Should you urge suppressions?

What happens if you experience really strong urges and are running to the bathroom to make it in time? Consider trying some urge suppressions.

  • Count backwards from 100 by 7s
  • Wiggle your toes (toes and bladder are near each other in the brain)
  • List off groceries, to-do list, trees, birds, countries
  • Go through the ABCs with a theme/categories

The idea is to decrease the intensity of the urge or stop it completely. Then, decide if it feels like an appropriate time to go. Does it feel like “yes, this urge makes sense, my bladder is probably pretty full?” Then, once the urge intensity has decreased, go ahead and CALMLY head to the bathroom.

It could feel the opposite. This would feel like a trigger causing the urge and not actual fullness or irritation. If that’s the case then go ahead and suppress the urge and continue on with what you were doing. Trust that when the bladder fills more, you will once again get the urge. You can also reference the clock for a rough time frame of when you might want to go.

10 physical therapy tips to help urinary urgency

  1. Drink enough fluids. Drinking plenty of water helps to keep your bladder healthy. This can reduce the need to urinate a lot.
  2. Limit caffeine. Too much caffeine can be irritating to your bladder. This can increase urgency.
  3. Avoid alcohol. Alcohol irritates your bladder and cause more frequent or urgent urges.
  4. Go when you need to go. It is important not to ignore the urge when you feel it. Rather, go as soon as possible so that you don’t risk having an accident later on.
  5. Schedule regular bathroom trips. Try scheduling regular times throughout the day for bathroom breaks. This will help you maintain control of your bladder muscles and avoid accidents.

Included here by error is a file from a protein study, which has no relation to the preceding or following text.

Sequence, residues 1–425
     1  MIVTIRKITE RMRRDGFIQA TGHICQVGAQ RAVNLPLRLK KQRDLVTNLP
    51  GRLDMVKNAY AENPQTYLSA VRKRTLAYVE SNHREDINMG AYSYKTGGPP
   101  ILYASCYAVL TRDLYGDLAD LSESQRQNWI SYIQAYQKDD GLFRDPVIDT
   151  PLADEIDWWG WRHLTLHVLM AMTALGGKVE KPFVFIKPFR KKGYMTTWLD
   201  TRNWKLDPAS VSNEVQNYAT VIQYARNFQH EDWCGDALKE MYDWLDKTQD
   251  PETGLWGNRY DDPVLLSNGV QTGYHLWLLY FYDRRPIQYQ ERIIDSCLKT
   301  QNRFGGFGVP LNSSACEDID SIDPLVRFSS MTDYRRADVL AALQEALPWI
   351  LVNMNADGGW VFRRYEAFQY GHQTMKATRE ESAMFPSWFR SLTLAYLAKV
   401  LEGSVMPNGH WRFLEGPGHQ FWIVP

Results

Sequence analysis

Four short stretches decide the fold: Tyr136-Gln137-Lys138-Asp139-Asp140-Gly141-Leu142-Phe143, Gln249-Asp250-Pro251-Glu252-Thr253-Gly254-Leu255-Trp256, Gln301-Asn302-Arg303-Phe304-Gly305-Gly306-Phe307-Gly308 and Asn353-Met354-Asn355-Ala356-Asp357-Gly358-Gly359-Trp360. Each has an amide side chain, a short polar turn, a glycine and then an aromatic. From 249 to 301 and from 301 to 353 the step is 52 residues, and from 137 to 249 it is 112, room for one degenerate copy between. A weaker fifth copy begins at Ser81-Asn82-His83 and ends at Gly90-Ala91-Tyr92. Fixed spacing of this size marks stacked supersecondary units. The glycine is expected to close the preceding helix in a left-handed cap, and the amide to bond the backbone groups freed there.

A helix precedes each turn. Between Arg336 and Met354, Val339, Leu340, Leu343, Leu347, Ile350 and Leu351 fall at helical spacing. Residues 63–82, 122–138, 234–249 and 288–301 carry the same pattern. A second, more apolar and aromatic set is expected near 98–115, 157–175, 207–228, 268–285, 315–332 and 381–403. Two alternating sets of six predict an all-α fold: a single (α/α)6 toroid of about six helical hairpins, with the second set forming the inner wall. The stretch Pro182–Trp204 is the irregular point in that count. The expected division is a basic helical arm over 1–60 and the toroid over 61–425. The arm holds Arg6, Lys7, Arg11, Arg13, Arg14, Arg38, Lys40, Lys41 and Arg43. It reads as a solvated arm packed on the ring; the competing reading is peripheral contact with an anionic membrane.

6. Increase your fluid intake. Slowly increase the amount of fluids you drink throughout the day. This can help to prevent bladder problems like urgency.
  7. Practice pelvic floor exercises like kegel exercises. Strengthening your pelvic floor muscles through exercise can help to reduce bladder urgency.
  8. Avoid smoking. Smoking is harmful for many reasons. It also contributes to bladder irritation, so avoid it.
  9. Wear absorbent clothing. Wear absorbent clothing such as cotton underwear and breathable pants.
  10. Seek professional help. If at-home remedies are not helping, seek the advice of a medical professional. Pelvic floor physical therapy is one potential treatment option.

Additional treatment options

Another method for treating urinary urgency and other types of urinary incontinence is electrical stimulation.

Electrical stimulation involves applying electrical currents to the nerves in the bladder. This is done with a device placed on the skin near the pelvic area.

This helps strengthen urinary control by stimulating specific nerve pathways. It also improves coordination between the bladder and urethra muscles. The stimulation helps to reduce sudden muscle spasms that can cause leakage of urine. Electrical stimulation may treat a variety of urinary conditions, including stress and urge incontinence.

The takeaway on urinary urgency and physical therapy

Try to balance the timing of your voids (2-4 hours) with good hydration habits. That means a steady intake of water throughout your day and what your body is telling you (urge sensation). Drink about 6-8oz of water between voids.

You’re definitely going to pee more when you’re pregnant, keep that in mind! Postpartum, you may need to retrain your bladder’s awareness of filling and urges. Remember, it’s a balance between internal cues and thinking.

Physical therapy for urinary urgency

Sometimes intense or frequent urges may come with pain or leakage. Physical therapy for urinary urgency is a great option for treatment. If your urge comes with pain, you may want to work with a pelvic PT or a urologist or urogynecologist.

Providers can help rule out any underlying diagnoses or infections. If your urge comes with leakage a pelvic PT can help! A PT can determine if it relates to a tight pelvic floor that needs help relaxing or a weak pelvic floor that needs strengthening. It may also be a combination that needs help with coordination and timing.


Interested in more tips on how to prevent or overcome Pelvic Floor Problems?